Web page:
Here is another painting that I finished up for my recent show. This one was painted in the Owen's Valley of California while on a trip with painter friends Richard Hull and John Berry.  When we took the trip a few years back, I really didn't feel like I had a grip on outdoor painting at the time. I was a relative newbie to plein air painting and it was my first extended painting trip. Not that I am now some sort of expert, but I feel a certain comfort level now that did not exist at all then. Most of the paintings I did on that trip seemed to be failures in the moment and many sat in a pile of rejects for a long time. One by one, I have pulled them back out and evaluated what was missing or what aspect could be fixed or improved to give the picture a finished feel. I am neither a good enough painter nor a purist enough to consider my field studies finished when they go from the easel to the carry box, hence I am not averse to painting back into them in the studio. For this one, I was startled at how close it was to being decent simply by glazing over the whole thing with some medium. That simple step popped the contrasts and bled life back into the color. It took me a few hours of applying cleaner color and more texture here or a bit of a glaze and scrub there to really bring this one around, but I am happy with the result now. What I have learned from hours in the field is that the essence captured in a plein air study painted from direct observation is much more powerful than anything I can get from a photo. I used the photo reference I took that day to inform me on detail and value much more than I used it for color as the color notes painted from life were much more interesting and felt more honest. I try to tap into my memories of being in the field even when I paint from photos. This one is still available for anyone interested.

Wednesday, December 31, 2014

Man It's Cold!

February Chill - 8" x 10" Oil by Greg Newbold
Closing out 2014 with a small painting from my recent show. I painted this one on a February afternoon in the western Utah desert near Cedar Fort. It was about 40 degrees when I started the painting and dropped to about 30 before I stopped painting an hour and a half later. Needless to say, I finished it up in the studio. Well, It's about five degrees outside today. That's way colder than I enjoy and it puts a cramp on anything that involves venturing outside, even if it's just hopping in the car to drive somewhere. The walk from the parking lot to the arena last night to watch the Jazz beat the Timberwolves was downright arctic.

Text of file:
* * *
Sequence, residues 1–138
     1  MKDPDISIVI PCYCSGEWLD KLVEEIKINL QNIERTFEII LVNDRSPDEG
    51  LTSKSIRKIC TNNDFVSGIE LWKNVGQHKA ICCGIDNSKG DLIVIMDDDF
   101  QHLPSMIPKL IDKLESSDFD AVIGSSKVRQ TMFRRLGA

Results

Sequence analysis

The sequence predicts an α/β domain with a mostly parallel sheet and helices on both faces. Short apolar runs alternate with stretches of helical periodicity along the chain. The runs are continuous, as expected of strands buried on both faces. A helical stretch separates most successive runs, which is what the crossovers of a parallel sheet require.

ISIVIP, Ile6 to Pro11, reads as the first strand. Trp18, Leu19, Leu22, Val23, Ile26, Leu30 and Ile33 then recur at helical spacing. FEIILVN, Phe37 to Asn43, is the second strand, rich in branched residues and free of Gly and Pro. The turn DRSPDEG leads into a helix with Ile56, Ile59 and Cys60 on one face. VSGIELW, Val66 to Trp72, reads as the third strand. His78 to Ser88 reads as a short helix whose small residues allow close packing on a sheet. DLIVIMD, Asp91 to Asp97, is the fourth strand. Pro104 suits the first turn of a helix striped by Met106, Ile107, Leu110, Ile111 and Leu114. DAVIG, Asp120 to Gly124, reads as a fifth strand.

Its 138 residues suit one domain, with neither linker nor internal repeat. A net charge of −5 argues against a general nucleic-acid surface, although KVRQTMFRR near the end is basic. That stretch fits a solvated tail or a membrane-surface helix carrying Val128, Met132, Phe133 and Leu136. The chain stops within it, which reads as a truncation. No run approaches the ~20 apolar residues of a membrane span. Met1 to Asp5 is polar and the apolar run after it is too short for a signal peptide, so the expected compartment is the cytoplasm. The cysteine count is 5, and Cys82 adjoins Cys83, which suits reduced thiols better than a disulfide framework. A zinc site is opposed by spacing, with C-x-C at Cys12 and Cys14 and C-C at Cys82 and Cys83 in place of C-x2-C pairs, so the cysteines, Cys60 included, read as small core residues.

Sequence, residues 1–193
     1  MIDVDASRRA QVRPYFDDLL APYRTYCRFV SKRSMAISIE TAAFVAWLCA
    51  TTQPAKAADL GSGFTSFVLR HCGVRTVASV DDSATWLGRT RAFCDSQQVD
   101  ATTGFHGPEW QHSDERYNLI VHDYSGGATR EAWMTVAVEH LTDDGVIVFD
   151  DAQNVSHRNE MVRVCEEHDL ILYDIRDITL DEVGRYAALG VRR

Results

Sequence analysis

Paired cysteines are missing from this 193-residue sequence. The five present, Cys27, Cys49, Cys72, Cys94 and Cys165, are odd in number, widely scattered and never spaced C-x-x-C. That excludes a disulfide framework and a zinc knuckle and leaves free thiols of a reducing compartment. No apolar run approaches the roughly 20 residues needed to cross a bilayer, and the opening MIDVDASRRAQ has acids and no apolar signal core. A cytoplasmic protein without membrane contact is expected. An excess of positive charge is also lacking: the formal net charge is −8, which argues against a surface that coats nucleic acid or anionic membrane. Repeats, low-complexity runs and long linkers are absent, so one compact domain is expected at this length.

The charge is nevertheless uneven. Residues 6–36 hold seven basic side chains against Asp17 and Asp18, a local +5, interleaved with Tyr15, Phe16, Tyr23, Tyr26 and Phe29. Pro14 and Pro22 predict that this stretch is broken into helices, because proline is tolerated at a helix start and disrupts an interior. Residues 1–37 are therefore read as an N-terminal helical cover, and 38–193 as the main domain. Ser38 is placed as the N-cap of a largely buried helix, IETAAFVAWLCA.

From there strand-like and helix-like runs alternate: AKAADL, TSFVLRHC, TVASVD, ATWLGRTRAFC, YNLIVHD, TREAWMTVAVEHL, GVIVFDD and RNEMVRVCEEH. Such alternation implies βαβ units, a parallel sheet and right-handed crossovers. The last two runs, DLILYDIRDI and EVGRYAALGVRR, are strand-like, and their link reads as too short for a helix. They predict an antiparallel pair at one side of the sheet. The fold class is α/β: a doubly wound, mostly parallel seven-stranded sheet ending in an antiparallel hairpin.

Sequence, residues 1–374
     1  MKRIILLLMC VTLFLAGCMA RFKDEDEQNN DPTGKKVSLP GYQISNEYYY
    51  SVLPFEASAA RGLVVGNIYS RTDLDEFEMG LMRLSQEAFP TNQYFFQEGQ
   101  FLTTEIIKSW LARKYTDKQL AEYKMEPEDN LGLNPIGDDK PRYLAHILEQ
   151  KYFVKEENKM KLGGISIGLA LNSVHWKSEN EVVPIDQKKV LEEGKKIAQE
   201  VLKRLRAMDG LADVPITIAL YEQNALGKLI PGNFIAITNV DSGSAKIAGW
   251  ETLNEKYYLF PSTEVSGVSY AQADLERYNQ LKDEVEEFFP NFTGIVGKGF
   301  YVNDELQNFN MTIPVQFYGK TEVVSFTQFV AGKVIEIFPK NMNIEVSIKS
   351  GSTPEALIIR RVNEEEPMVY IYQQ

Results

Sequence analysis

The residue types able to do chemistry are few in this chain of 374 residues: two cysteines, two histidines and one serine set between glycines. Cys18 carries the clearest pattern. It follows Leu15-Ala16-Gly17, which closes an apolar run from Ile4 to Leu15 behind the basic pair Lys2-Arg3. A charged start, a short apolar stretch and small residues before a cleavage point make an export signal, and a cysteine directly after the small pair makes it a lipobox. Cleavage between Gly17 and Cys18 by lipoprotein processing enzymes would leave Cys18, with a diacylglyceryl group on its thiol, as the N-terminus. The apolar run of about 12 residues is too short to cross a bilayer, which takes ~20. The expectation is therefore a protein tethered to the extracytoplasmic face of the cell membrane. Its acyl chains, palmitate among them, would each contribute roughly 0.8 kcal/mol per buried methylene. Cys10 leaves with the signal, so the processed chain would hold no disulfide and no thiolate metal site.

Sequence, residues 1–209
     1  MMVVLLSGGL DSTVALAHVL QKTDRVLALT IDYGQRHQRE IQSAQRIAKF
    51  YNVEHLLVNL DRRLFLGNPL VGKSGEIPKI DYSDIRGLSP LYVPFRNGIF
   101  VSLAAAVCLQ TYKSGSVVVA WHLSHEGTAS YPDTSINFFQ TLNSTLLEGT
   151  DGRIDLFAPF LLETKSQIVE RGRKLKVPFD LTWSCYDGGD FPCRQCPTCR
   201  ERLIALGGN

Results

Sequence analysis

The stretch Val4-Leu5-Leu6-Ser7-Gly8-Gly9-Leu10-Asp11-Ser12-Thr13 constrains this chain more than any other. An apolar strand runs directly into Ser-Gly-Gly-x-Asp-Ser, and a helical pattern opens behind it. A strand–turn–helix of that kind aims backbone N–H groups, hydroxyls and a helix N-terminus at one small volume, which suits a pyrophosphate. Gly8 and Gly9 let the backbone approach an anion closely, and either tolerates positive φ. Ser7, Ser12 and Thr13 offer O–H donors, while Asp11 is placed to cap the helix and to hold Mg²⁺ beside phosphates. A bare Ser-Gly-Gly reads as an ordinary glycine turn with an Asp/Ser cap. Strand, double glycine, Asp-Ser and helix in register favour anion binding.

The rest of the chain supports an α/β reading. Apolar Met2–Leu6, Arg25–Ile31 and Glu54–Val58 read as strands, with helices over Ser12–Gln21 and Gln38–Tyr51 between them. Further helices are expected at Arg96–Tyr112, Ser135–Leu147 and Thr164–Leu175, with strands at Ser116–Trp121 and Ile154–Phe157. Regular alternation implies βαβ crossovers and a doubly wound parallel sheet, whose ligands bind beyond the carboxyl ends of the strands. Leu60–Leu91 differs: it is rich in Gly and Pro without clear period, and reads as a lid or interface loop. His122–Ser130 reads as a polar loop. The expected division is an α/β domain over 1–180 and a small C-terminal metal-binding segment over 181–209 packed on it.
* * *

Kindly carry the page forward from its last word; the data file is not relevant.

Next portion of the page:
Shoveling the driveway? Brrr. Good thing tonight's festivities only involve games, snacks and movies inside. Whatever you are doing tonight, enjoy your loved ones and have a Happy New Year!

This painting is available at Alderwood Fine Art

Tuesday, December 30, 2014

Christmas Surprise


I got an unexpected surprise a few days before Christmas. This lovely watercolor study by Arnold Friberg (unsigned, but most certainly by his hand) showed up in the mail from a friend. He had picked it up as a part of an auction lot that included three other Friberg studies. It's  a small (about 7"x7") but nicely detailed pencil and watercolor on paper. If you are unfamiliar with Friberg's work, have a look at this previous tribute that I posted at around the time of his passing in 2010.

This is the full lot of Friberg studies
The lot included other studies for possible Canadian Mountie works done for the Potlatch Paper company, likely in the 1950's. Friberg created dozens of full scale paintings on the Mountie theme from the mid 1940's to the mid 1960's. A quick web search turned up the final version for one of these studies complete with Friberg signature in the lower left.

Finished Friberg painting for the Potlatch paper company
As a lifetime admirer of Friberg's work, I was dumbfounded by the generosity of my friend, but he assured me that there was nobody he would rather see enjoy the piece. He knew I would love and care take this gem.

the back has some tape residue that needs attention.

As you can see, there are a few condition problems including slight paper loss tot the corner and some tape and tape residue on the back that I want to address. I am in the process of getting feedback on how best to proceed there. Then will come proper conservation, framing and finding the right spot to showcase it in my home or studio. It has become the highlight of my small but growing collection since it is the first I have acquired by a non-living artist. I could not be more pleased.

Saturday, December 20, 2014

Wolf Den Cutaway


Just a little sketch for a textbook project I am working on. This is the preliminary drawing that will be painted digitally next. I'm not sure how I became the "cutaway" specialist for this particular client (this is the third or fourth such project this year) but I am OK with that. It's a fun challenge to show what goes on inside the different animal's dens without making it look weird or cheesy. See the previous cutaway I posted earlier of the beaver lodge here.